U.S. Military Spending Leads the World

Mark Harrison, Director of the United Methodist General Board of Church and Society (http://www.umc-gbcs.org/site/c.frLJK2PKLqF/b.2794211/k.C908/Welcome_to_The_General_Board_of_Church_and_Society.htm?sid=119756975) Peace with Justice Program, reported in a July 15 posting that military expenditures worldwide set a new record, and that the United States accounted for 42% of global military spending last year, according to the Stockholm (Sweden) International Peace Research Institute’s (SIPRI, at http://www.sipri.org/?tr=y&auid=5073428) annual report. Worldwide, governments spent a record $1.46 trillion on their armed forces in 2008. SIPRI is an independent research institute focusing on international security, arms control and disarmament, and the annual SIPRI Yearbook on Armaments, Disarmament & International Security reports on several security-related fields: from trends in armed conflicts to world nuclear forces; from military spending to the ban on cluster munitions; from peacekeeping to non-proliferation.


Harrison noted that worldwide military expenditure increases in 2008 represent an increase of 4% in real terms compared to 2007, and an increase of 45% since 1999. The United States accounted for 58% of the global increase between 1999 and 2008, with its military spending growing by $219 billion in constant 2005 prices over the period. China and Russia, with absolute increases of $42 billion and $24 billion, respectively, both nearly tripled their military expenditure over the decade. However, the U.S. spent seven times more than the second-biggest spender, China, and in fact more than the next 14 countries combined.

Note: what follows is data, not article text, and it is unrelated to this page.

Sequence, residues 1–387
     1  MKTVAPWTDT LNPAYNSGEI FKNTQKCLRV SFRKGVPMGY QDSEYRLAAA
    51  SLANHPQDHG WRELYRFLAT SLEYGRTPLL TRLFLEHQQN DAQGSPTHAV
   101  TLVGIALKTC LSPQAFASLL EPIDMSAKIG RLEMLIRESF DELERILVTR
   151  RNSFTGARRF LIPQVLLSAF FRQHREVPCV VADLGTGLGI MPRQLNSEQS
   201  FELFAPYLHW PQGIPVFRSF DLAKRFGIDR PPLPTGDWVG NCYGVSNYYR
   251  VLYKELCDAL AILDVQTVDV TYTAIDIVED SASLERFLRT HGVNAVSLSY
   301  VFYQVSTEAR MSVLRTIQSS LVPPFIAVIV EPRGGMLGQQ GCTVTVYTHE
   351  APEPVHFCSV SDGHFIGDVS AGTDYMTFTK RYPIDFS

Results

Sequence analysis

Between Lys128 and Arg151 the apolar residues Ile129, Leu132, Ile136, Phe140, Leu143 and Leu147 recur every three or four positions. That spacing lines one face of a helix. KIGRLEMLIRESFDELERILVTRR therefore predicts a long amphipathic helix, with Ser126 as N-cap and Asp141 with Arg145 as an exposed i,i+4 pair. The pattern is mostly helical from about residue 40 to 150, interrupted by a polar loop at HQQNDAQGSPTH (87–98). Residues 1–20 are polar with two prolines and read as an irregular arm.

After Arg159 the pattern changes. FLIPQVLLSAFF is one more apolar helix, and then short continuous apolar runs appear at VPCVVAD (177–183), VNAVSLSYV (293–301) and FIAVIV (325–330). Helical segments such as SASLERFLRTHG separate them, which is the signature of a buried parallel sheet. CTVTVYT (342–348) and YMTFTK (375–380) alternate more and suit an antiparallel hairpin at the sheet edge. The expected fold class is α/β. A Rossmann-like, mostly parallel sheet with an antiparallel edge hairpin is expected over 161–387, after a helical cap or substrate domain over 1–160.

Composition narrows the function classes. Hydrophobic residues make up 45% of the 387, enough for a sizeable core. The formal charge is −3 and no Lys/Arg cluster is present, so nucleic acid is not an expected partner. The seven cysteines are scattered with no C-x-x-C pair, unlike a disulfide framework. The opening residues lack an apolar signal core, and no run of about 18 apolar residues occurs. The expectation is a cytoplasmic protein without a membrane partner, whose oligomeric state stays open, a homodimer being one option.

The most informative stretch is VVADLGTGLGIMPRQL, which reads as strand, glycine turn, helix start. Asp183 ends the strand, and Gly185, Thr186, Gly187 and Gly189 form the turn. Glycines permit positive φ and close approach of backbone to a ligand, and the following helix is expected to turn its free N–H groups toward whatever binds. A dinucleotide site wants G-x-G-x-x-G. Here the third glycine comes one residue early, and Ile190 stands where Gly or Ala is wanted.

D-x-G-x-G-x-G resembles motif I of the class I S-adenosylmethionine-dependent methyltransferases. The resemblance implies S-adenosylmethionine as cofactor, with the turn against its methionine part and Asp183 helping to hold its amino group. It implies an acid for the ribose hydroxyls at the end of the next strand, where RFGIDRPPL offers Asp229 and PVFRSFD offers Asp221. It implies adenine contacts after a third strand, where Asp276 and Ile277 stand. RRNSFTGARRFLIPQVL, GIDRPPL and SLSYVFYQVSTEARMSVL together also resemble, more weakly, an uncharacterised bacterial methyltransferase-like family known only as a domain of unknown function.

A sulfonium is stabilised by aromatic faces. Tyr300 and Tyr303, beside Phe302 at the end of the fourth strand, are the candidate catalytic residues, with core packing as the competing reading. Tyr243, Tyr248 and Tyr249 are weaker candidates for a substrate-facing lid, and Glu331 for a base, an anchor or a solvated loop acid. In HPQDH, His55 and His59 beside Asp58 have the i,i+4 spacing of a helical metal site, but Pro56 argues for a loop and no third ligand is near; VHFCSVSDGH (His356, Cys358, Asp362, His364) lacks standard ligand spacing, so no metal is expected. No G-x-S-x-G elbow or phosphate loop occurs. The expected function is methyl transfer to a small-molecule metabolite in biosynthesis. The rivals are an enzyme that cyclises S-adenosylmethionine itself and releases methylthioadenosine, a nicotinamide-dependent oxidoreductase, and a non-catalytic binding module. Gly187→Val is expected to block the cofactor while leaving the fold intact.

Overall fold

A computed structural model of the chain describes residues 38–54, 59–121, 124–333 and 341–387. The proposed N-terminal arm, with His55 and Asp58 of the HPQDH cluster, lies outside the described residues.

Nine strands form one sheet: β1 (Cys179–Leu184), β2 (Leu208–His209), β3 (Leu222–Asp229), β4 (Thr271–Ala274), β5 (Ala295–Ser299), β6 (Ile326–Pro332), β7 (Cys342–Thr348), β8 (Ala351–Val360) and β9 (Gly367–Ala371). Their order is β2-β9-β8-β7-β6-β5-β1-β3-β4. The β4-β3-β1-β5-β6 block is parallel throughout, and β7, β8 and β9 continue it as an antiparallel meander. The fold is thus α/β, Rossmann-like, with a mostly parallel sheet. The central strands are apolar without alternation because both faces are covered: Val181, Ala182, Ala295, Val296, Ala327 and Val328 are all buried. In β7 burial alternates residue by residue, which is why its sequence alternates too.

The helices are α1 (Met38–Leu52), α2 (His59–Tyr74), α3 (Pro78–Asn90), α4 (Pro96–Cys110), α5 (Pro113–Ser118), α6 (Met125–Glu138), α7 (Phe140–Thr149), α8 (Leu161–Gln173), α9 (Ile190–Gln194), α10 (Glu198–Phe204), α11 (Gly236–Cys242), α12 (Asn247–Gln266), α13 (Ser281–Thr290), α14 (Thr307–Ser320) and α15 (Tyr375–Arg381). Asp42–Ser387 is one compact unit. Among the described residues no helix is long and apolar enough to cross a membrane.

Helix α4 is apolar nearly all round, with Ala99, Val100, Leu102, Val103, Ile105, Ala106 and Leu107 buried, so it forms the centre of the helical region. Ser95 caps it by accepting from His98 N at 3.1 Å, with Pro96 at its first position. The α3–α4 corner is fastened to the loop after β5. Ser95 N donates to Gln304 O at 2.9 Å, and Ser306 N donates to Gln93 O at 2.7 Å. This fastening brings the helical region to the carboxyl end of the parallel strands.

To read Harrison’s full post, which includes a list of the top 10 spenders and other commentary about military and arms expenditures, go to http://www.umc-gbcs.org/site/apps/nlnet/content2.aspx?c=frLJK2PKLqF&b=3633193&content_id={79E50814-4AB0-45C6-BB9D-A785F5252685}¬oc=1.


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